After baby was delivered stillborn, DC woman blames United Medical Center for poor care

After D.C.'s Department of Health shut down the obstetrics ward at United Medical Center in Southeast D.C., a District woman said her baby was delivered stillborn and she is blaming the hospital for her poor care.

Rakita Hill told FOX 5 that equipment was not working, staff was not around and doctors were not concerned after she checked in complaining about her baby not moving in the womb. Her claim comes two days after the city ordered the only full-service hospital in Southeast D.C. to stop delivering babies for the next three months.

"As soon as I walked in, I told them what was going on, and they told me they would take me to the labor and delivery room," said Hill. "So once I got up there, she gave me a gown and told me to change my clothes and everything, but no one came for about 30 minutes … She finally came in the room, she asked me what was going on. She was trying to hook me up to the machine where they hear the heartbeat and everything, but the machine wasn't working.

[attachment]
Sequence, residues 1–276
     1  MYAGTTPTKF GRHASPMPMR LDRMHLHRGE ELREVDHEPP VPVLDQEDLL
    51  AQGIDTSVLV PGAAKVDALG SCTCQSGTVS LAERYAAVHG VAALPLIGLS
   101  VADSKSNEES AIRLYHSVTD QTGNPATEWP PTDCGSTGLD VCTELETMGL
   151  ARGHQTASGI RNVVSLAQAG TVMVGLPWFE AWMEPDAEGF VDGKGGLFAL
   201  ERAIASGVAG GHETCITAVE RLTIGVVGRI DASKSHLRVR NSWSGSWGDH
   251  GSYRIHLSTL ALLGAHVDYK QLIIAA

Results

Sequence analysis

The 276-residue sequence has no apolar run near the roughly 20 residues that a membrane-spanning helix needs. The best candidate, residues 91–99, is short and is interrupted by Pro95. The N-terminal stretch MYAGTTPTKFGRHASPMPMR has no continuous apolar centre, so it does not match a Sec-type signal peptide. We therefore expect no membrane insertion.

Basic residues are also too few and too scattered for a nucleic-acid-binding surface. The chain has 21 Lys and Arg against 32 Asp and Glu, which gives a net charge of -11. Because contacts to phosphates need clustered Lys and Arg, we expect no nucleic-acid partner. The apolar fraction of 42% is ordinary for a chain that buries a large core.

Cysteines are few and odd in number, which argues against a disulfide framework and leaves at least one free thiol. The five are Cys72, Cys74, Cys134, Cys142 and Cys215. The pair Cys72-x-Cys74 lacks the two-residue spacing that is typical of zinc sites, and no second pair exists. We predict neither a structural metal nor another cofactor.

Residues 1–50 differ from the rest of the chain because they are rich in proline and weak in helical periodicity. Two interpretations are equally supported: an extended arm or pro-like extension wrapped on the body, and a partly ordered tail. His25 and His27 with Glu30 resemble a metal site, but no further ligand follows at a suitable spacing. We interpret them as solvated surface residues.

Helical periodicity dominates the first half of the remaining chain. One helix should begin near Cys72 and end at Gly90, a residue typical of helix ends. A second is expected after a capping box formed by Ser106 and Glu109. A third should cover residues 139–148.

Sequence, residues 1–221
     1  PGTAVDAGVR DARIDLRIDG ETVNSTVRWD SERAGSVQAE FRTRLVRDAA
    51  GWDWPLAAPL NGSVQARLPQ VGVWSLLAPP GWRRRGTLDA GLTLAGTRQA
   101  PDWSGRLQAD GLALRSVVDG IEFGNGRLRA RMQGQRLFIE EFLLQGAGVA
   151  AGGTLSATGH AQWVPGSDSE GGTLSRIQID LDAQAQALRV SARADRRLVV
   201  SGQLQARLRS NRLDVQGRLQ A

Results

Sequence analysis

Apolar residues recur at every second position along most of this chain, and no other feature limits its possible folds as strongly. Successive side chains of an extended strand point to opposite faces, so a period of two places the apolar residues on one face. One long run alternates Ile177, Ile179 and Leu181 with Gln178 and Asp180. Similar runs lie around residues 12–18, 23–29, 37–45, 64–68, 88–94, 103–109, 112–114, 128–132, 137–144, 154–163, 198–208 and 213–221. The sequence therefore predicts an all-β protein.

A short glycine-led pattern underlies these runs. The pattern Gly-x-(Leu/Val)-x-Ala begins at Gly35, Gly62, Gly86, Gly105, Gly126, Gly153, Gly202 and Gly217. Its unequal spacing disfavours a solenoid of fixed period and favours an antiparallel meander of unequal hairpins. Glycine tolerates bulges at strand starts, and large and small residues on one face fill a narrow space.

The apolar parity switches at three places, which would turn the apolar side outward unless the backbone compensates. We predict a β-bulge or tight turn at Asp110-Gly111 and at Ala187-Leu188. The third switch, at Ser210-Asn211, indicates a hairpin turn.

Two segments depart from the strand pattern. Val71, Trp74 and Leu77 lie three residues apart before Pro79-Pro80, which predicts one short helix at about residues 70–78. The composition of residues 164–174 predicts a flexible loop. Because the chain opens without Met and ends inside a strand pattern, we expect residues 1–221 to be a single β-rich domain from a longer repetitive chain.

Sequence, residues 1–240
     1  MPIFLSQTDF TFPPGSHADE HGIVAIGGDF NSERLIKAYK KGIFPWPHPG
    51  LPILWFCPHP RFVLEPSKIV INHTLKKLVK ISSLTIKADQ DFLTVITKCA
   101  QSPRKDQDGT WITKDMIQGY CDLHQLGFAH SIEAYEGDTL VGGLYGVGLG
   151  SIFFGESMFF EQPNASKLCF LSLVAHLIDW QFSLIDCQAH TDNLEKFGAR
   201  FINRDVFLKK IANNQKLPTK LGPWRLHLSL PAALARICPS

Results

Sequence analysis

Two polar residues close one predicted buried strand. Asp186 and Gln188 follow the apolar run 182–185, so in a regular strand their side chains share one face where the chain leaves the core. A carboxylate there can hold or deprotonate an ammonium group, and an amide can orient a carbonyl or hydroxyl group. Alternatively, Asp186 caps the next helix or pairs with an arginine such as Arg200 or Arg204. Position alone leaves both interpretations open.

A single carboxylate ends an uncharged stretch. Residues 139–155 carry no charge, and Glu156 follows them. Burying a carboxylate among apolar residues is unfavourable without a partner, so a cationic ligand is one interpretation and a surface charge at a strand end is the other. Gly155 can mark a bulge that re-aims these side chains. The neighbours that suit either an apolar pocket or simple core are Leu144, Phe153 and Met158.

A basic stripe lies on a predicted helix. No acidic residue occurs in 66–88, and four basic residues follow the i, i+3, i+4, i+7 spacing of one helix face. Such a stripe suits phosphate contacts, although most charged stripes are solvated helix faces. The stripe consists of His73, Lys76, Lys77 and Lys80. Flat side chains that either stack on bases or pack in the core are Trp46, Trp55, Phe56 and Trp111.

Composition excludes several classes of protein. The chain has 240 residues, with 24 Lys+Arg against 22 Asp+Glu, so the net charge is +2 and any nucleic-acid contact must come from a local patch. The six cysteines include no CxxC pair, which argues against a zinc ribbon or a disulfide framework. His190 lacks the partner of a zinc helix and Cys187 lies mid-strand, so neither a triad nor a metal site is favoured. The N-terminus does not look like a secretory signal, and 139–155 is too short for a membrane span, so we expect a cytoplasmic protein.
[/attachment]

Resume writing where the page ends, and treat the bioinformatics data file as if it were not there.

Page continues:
"She finally called in a doctor. The doctor came in with a sonogram machine. It was so black that you couldn't even see the baby once he rolled everything over my stomach."

That was the final straw for the 26-year-old woman and her family who was apparently prohibited from joining her in the examination room at United Medical Center.

"My sister kept calling my phone - 'What's going on? What's going on? Why are they not making it an urgent matter?' Then she basically went to the doctor and was like, 'Just come on, put your stuff back on and go to another hospital,'" Hill described.

That same day on July 7, baby Jermani was reportedly delivered a stillborn at MedStar Washington Hospital Center nearby where Hill said she was immediately treated by doctors and staff.

RELATED: DC mother says she received poor care at United Medical Center

One month after Jermani's passing, the D.C. Department of Health issued a notice to United Medical Center restricting the hospital's license for obstetric and related newborn services for 90 days.

For Hill, it's too late and she has a message for United Medical Center.

"Maybe if they were more urgent about the situation, then my daughter could have been saved and could have been here with us today," she said.

A United Medical Center spokesperson did not answer questions about Hill's case.

A spokesperson for the District's Department of Health said in a statement:

"DOH does not know about this case and it did not factor into the restriction on UMC's license."

The hospital said in the next 90 days, it will address cited deficiencies, which include three separate cases involving deficiencies in screening, clinical assessment and delivery protocols. However, the hospital did not elaborate beyond that explanation.